You are running circles around me as I write this, stopping every few minutes to get into something you shouldn't, so I'm sorry if I forget some of the details of our third week in Japan. Here it is spelled out as best as I can remember:
You had some quality time with your grandparents while mommy and daddy went through some of their old belongings that were in the storage area above the garage. It was a pretty quiet day by comparison to our time here so far.
After a quick stop to see some friends whose son was home from the soccer school where he lives, we left for a two-day stay in Nagasaki City. When we arrived at our hotel you were really sleepy but couldn't settle down in the big bed we were all going to share. Daddy rigged up a small bed for you out of a big blanket and two wing chairs pushed together and you went right to sleep! Daddy was tired from the drive so he rested, too, while mommy souvenir shopped at the 'Holland Slope' right outside our hotel.
In the late afternoon we walked to the Lantern Festival, Nagasaki's big Chinese New Year celebration. First we went to 'Central Park' where there were tons of lanterns to look at in every shape imaginable. You loved the animal ones: tigers, camels, kangaroos, pigs, fish, elephants, you name it! Later we walked down the main street of Chinatown where endless round lanterns hung over our heads, steam from the vendors' hot dumplings swirled around us, and crowds and crowds of people enjoyed it all.
It was a dreary, rainy day so instead of exploring any more of Nagasaki's outdoor sightseeing, we hit the Penguin Aquarium. It was perfect for you--not as big as a zoo so we could take our time at each exhibit, and a little different from a straightforward aquarium to keep your interest. You even loved the 3D theater and ran around trying to touch the penguins and fish that seemed to be flying through the air. After we left we headed home to your grandparents' house.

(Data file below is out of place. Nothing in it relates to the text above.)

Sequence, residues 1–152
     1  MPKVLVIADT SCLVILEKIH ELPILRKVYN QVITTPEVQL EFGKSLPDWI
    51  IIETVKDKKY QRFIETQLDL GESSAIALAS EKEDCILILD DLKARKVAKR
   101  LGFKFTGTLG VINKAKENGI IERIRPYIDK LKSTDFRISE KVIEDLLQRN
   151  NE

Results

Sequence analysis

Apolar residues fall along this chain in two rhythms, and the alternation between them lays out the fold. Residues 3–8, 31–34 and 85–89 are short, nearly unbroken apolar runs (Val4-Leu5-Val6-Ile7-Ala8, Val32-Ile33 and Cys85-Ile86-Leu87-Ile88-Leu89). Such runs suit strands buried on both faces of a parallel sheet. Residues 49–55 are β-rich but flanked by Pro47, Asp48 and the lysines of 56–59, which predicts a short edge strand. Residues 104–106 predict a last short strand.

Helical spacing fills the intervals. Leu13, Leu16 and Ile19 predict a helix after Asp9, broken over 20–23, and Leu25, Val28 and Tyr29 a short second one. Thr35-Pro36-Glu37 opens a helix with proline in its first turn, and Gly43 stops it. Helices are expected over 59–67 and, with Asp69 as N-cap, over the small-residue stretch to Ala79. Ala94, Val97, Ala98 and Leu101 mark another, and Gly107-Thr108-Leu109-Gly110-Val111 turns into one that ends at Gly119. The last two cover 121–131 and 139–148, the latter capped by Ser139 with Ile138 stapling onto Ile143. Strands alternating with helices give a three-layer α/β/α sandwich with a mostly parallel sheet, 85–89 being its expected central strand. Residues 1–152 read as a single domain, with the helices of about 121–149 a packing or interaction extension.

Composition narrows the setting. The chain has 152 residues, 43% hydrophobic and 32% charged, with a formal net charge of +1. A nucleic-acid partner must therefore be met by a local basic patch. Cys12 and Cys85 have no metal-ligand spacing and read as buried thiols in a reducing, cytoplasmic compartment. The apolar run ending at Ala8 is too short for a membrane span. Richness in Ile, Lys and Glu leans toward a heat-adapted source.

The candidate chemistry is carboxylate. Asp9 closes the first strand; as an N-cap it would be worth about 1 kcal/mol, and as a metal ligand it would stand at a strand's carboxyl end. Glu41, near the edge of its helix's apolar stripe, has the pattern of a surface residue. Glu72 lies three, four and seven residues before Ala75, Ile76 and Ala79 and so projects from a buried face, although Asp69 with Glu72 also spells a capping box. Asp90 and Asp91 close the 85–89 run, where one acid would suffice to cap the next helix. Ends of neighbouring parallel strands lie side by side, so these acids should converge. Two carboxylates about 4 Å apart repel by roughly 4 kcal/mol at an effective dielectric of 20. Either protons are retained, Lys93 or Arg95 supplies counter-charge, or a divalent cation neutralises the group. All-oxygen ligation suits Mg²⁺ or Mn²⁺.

We didn't have any plans and it was chilly, so what better day to take you to your first onsen? We drove up the mountain to the hot spring resort town and rented a family bath at an inn there. It was a covered outdoor bath with a view of a flowering tree and the mountain beyond. Mommy and daddy felt so relaxed after soaking in the hot, mineral-filled water. You enjoyed the bath, but I think your favorite part was the ice cream afterwards.
Valentine's Day in Japan is quite different than in the US. Over here girls and women usually give gifts of chocolates or other sweets to the men in their lives (or who they'd like to be in their lives). Then on what is called White Day, March 14th, the men return the favor. While daddy was in the shower this morning you and mommy sneaked down to the corner store and bought him and your grandfather some chocolates. We had some other errands the rest of the day that mommy will blog more about when we get back from Japan.
|Running back from the store with chocolates|
|Giving daddy his chocolates (mid-shaving)|
|Giving your grandfather his chocolates|
We went out to a yummy barbecue restaurant with your grandparents for lunch. Afterwards the weather was so nice we decided to drive to a big park for you to run around, but you fell asleep in the car. We turned around to head home and you woke up, so we stopped at a local waterfall to play for a short while instead.
We did a little shopping in Shimabara and then daddy went to help some relatives plant crops while you rested and mommy worked on photo editing and blogging. At night we went to a dinner party with some old and new friends and you had so much fun running around and playing with all their kids.
And now on to our last week in Nagasaki...the time is going so quickly!